Florida Keys National Marine Sanctuary welcomes 11th dive operator into coral conservation and education program

November 4, 2011

Media Contact:

Karrie Carnes
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Blue Star Program

Sanctuary Photo Library

NOAA’s Florida Keys National Marine Sanctuary welcomes Florida Keys Dive Center of Tavernier, Fla., as the newest participant in the sanctuary’s Blue Star education and conservation program. Florida Keys Dive Center is the 11th dive operator in the Florida Keys to earn this recognition.

Launched in 2009, Blue Star salutes charter companies that help protect the Florida Keys coral reef ecosystem by promoting responsible diving and snorkeling practices, and educating their patrons on the role humans play in reef health. Unlike some of the more global causes of reef decline — such as climate change — damage to reefs from diving and snorkeling is considered easily preventable through education and experience.

Florida Keys Dive Center receive Blue Star recognition.

Florida Keys National Marine Sanctuary staff member Todd Hitchins with representatives from Florida Keys Dive Center of Tavernier, Fla.

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Home to the third-largest barrier coral reef in the world, the sanctuary’s protected waters attract millions of visitors each year and contribute an estimated $2 billion in annual tourist revenue. The reef's close proximity to land and an abundance of boat operators in the Keys make it easily accessible to both novice snorkelers and seasoned divers.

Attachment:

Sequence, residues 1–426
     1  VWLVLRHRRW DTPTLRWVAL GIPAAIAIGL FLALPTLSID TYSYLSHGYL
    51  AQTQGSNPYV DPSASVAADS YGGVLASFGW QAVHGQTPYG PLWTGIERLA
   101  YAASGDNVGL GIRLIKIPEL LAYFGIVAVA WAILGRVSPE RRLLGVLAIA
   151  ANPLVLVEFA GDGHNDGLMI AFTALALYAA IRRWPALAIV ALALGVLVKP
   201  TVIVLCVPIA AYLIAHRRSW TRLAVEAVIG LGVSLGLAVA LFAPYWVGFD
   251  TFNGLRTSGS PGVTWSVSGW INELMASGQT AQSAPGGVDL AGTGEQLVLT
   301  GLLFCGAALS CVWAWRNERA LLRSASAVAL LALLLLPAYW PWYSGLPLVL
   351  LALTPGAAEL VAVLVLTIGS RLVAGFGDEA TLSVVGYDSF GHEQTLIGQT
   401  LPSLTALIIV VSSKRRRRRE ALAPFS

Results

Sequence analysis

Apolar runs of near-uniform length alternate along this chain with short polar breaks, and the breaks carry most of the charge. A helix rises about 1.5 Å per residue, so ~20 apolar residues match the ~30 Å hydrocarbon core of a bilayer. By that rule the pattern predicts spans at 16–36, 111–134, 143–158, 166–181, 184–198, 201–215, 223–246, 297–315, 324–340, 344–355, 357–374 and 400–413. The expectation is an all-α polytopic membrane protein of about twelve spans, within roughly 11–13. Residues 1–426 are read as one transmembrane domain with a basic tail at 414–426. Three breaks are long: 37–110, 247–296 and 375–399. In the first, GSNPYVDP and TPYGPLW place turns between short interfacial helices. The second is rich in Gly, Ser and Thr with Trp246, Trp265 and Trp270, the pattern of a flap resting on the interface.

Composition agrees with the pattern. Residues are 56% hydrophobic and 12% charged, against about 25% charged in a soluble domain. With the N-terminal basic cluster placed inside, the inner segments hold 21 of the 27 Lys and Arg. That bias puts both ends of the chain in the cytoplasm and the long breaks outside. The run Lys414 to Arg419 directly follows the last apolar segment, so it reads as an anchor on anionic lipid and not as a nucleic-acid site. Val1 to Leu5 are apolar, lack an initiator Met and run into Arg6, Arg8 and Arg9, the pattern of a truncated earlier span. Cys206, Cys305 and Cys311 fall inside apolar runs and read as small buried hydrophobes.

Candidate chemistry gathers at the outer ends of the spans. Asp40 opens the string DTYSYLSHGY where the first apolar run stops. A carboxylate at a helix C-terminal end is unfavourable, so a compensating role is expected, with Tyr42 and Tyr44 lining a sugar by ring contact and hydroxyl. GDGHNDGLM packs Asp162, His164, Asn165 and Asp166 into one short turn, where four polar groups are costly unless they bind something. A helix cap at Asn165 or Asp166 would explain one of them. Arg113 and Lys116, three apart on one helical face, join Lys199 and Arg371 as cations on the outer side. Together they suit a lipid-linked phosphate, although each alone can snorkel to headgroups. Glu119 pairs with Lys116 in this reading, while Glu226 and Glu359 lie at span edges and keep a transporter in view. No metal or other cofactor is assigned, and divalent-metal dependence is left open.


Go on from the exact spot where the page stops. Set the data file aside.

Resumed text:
“We congratulate Florida Keys Dive Center for earning the Blue Star recognition,” said Sean Morton, sanctuary superintendent. “Blue Star operators are committed to raising awareness of coral reef conservation issues among their patrons and enhancing environmental stewardship in the Florida Keys.”

Blue Star operators are required to attend training annually on issues affecting coral reefs, sanctuary regulations and coral reef etiquette. In turn, Blue Star operators educate their customers by incorporating the information into certification classes and dive briefings. They also must offer conservation-related dive courses and participate in activities such as fish counts and reef clean-ups. Operators are re-evaluated every year.

Blue Star is funded in part by a grant from Mote Marine Laboratory's “Protect Our Reef” Grants Program. Visit  www.sanctuarybluestar.org for more information on the program and a list of recognized operators.

Florida Keys National Marine Sanctuary protects 2,900 square nautical miles of critical marine habitat, including coral reef, hard bottom, sea grass meadow, mangrove communities and sand flats. NOAA and the State of Florida manage the sanctuary. Visit us at floridakeys.noaa.gov or on Facebook at  www.facebook.com/floridakeysnoaagov.

NOAA’s mission is to understand and predict changes in the Earth's environment, from the depths of the ocean to the surface of the sun, and to conserve and manage our coastal and marine resources. Join NOAA on Facebook , Twitter and our other social media channels.